Iâ€™ve been away from this space awhile, and with good reason.
The good reason is hard to describe. It could have been an episode of severe depression, or a dark night of the soul, or both. My moneyâ€™s on both but tilts more toward the dark night.
Youâ€™ve probably heard the phrase dark night of the soul, but maybe you donâ€™t know how itâ€™s been used through the centuries. St. John of the Cross, a Spanish mystic, coined dark night (someone added of the soul later). It describes a period in which the Divine Spirit strips the soul of its drossâ€”sins, imperfections, etc.â€”and brings it ever closer to God. Other sages have called it the desert or the wilderness. The worst part is that God appears to have left the building.
In my case, so did everything else, which makes the word stripping appropriate. All prayer and meditation ceased. I couldnâ€™t write a word. There was no pleasure in anything (which characterizes both depression and the dark night).
It hurt like hell for months, and I hated the pain. My apathy about writingâ€”which is like oxygen to meâ€”scared me. I wondered if all the things I loved were going away permanently.
My spiritual director and therapist helped immensely. Both pointed out something terribly important: for me, the way Iâ€™m made, this is part of normal. It comes with going deeper into spirituality. It comes with being creative. As my therapist said, I should try to stop â€œawfulizingâ€ it. Just live it.
So I am living it. As a result, things are still dark, but they are stable, and the pain is largely gone. As you can see, Iâ€™m just barely starting to write again. Same with prayer.
Why am I telling you this?
Before I answer that, allow me to issue the usual caveats. Mental illness is not to be messed with. If you experience depression, please get help. If you have suicidal thoughts, get help NOW. Medication and therapy can turn your life around.
But our culture teaches us to stop there, because that is the only proper response to darkness. When we are sick, we fight it. When we are sad, we work to get happy. We need to do something, to fix something.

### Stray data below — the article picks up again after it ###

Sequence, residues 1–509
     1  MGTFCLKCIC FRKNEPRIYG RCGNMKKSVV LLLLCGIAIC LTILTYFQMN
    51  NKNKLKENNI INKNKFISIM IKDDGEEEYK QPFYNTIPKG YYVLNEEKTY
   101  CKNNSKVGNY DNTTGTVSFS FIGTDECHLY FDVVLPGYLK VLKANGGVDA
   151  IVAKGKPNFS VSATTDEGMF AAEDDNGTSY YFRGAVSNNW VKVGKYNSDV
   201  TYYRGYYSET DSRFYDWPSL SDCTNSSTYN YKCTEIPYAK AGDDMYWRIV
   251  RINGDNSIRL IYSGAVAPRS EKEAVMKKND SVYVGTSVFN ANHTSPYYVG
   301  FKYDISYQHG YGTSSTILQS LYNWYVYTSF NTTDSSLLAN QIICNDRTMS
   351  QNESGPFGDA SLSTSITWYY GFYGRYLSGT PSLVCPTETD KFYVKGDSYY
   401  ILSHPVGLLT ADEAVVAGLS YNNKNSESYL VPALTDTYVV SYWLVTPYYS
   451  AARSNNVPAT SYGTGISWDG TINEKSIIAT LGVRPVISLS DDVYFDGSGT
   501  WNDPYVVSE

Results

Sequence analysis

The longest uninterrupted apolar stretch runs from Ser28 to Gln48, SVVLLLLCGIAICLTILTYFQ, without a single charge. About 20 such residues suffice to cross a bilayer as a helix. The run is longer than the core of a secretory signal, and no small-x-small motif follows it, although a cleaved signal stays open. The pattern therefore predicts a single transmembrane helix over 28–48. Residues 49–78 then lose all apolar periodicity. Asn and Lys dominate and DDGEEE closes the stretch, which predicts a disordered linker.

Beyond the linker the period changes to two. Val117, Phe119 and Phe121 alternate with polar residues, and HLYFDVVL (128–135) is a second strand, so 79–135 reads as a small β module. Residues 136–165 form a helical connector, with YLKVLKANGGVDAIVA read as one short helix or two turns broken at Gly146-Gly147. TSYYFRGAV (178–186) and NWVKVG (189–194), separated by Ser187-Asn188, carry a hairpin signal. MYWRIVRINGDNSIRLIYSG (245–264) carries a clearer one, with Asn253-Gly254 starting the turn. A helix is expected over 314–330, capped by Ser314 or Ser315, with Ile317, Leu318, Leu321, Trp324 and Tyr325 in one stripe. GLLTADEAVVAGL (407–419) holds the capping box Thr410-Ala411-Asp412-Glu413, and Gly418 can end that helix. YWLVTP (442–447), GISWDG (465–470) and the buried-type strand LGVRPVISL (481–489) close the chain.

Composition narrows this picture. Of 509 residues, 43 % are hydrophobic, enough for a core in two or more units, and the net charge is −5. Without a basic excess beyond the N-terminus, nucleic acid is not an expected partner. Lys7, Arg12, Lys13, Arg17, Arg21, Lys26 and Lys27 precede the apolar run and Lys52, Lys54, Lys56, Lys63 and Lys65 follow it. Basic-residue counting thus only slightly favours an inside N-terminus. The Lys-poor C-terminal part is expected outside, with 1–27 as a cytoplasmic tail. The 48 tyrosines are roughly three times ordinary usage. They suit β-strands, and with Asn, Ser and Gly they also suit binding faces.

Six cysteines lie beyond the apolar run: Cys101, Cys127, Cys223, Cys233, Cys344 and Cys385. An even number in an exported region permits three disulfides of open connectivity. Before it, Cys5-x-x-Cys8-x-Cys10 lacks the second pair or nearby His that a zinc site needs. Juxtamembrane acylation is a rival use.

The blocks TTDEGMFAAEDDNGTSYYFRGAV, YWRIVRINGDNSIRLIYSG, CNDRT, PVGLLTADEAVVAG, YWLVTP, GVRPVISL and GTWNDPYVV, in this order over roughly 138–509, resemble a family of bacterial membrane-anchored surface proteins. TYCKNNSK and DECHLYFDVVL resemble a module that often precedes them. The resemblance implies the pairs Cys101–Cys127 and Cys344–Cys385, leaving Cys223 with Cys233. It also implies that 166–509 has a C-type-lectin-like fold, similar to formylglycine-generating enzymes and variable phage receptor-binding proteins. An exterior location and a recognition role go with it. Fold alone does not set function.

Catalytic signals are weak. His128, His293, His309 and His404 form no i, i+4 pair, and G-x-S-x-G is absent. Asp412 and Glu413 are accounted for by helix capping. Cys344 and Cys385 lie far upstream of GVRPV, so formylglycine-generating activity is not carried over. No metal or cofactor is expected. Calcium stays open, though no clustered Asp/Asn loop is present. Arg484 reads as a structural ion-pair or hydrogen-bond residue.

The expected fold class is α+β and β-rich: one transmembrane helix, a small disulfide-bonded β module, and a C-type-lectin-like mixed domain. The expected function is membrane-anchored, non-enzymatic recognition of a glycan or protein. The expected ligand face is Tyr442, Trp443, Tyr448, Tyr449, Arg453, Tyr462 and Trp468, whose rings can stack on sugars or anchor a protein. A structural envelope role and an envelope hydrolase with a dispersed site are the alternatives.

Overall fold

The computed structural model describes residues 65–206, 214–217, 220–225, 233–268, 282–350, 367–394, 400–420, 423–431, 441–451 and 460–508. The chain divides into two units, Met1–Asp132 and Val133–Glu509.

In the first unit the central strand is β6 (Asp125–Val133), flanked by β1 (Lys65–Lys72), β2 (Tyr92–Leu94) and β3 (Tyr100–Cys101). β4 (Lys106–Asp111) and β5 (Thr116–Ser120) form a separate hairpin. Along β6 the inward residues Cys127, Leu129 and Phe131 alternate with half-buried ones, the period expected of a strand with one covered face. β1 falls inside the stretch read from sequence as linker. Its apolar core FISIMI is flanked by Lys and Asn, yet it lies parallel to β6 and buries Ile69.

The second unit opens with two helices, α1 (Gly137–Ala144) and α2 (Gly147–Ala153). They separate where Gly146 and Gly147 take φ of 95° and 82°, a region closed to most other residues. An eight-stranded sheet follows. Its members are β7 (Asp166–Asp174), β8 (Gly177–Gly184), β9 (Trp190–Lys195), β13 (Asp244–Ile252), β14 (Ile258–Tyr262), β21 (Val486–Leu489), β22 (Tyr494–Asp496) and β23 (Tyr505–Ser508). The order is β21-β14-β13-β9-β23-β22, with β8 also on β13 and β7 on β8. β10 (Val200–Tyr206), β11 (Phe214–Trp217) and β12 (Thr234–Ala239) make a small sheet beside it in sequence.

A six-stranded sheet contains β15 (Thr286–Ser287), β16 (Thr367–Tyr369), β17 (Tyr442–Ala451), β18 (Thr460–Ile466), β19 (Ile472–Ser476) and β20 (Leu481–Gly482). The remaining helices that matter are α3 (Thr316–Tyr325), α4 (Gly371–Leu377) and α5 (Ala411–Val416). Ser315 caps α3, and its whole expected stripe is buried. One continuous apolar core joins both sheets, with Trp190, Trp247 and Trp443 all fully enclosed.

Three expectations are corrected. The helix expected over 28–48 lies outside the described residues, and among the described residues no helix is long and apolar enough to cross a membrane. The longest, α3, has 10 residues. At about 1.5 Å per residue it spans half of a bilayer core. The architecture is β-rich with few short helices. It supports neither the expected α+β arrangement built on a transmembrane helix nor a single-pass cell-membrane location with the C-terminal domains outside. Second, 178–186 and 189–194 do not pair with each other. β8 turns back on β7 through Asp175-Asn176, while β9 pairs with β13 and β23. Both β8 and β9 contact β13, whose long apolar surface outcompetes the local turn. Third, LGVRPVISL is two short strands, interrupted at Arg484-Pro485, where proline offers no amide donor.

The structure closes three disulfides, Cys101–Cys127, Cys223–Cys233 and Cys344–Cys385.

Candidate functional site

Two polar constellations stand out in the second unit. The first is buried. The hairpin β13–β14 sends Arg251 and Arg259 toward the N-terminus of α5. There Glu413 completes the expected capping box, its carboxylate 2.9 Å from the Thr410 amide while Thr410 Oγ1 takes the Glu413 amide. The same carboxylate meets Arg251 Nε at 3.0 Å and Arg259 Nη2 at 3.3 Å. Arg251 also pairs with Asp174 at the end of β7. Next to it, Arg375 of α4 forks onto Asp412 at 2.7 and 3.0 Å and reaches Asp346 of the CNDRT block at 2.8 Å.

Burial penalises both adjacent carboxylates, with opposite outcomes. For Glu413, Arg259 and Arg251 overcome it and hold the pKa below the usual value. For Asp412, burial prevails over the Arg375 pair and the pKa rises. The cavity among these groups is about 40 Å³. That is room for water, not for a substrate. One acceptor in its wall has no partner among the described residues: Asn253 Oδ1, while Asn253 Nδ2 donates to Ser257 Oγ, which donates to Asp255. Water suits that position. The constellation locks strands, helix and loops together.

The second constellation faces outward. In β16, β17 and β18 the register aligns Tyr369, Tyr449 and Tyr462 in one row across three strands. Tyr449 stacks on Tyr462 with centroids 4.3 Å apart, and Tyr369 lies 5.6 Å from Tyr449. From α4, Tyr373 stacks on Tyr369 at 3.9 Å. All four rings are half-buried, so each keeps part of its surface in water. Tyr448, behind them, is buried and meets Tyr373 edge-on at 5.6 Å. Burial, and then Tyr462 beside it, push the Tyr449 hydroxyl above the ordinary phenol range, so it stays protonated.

We have lost the idea of staying with the darkness for a seasonâ€”exploring it, if you will.
Good therapy can help us do this. So can good spiritual direction. So can journaling. Anything that helps us ask fundamental questions about the darkness: What is this all about? Why is it happening now? Does it hold any life lessons for me?
This is the stuff of that contemplative spirit mentioned on the very top of this page. For contemplativesâ€”when weâ€™re at our bestâ€”there is a pause between what happens and what we should do about it. In that pause, we observe whatâ€™s happening. We listen (to God, to the circumstances, to our own heart) for clues. We listen for the priceless wisdom that often comes out of dark nights. Most of all, we wait with a wide-open heart.
There are so many places in postmodern culture where this pause could help. Think of what would happen if angry Facebook posters paused between the latest outrage and their instinctive responses. Think of how critical this pause could be in the rhetorical buildup between the U.S. and North Korea. Hundreds of millions of lives could hang on the ability of our leaders to pause, observe, and then respond.
I know. Thatâ€™s a long way from living with depression or the dark night. But what happens in our hearts gets played out on our planet. Itâ€™s worth tending the contemplative spirit for that reason. Let alone all the other reasonsâ€”like the lasting joy an ever-closer relationship with the Divine can bring.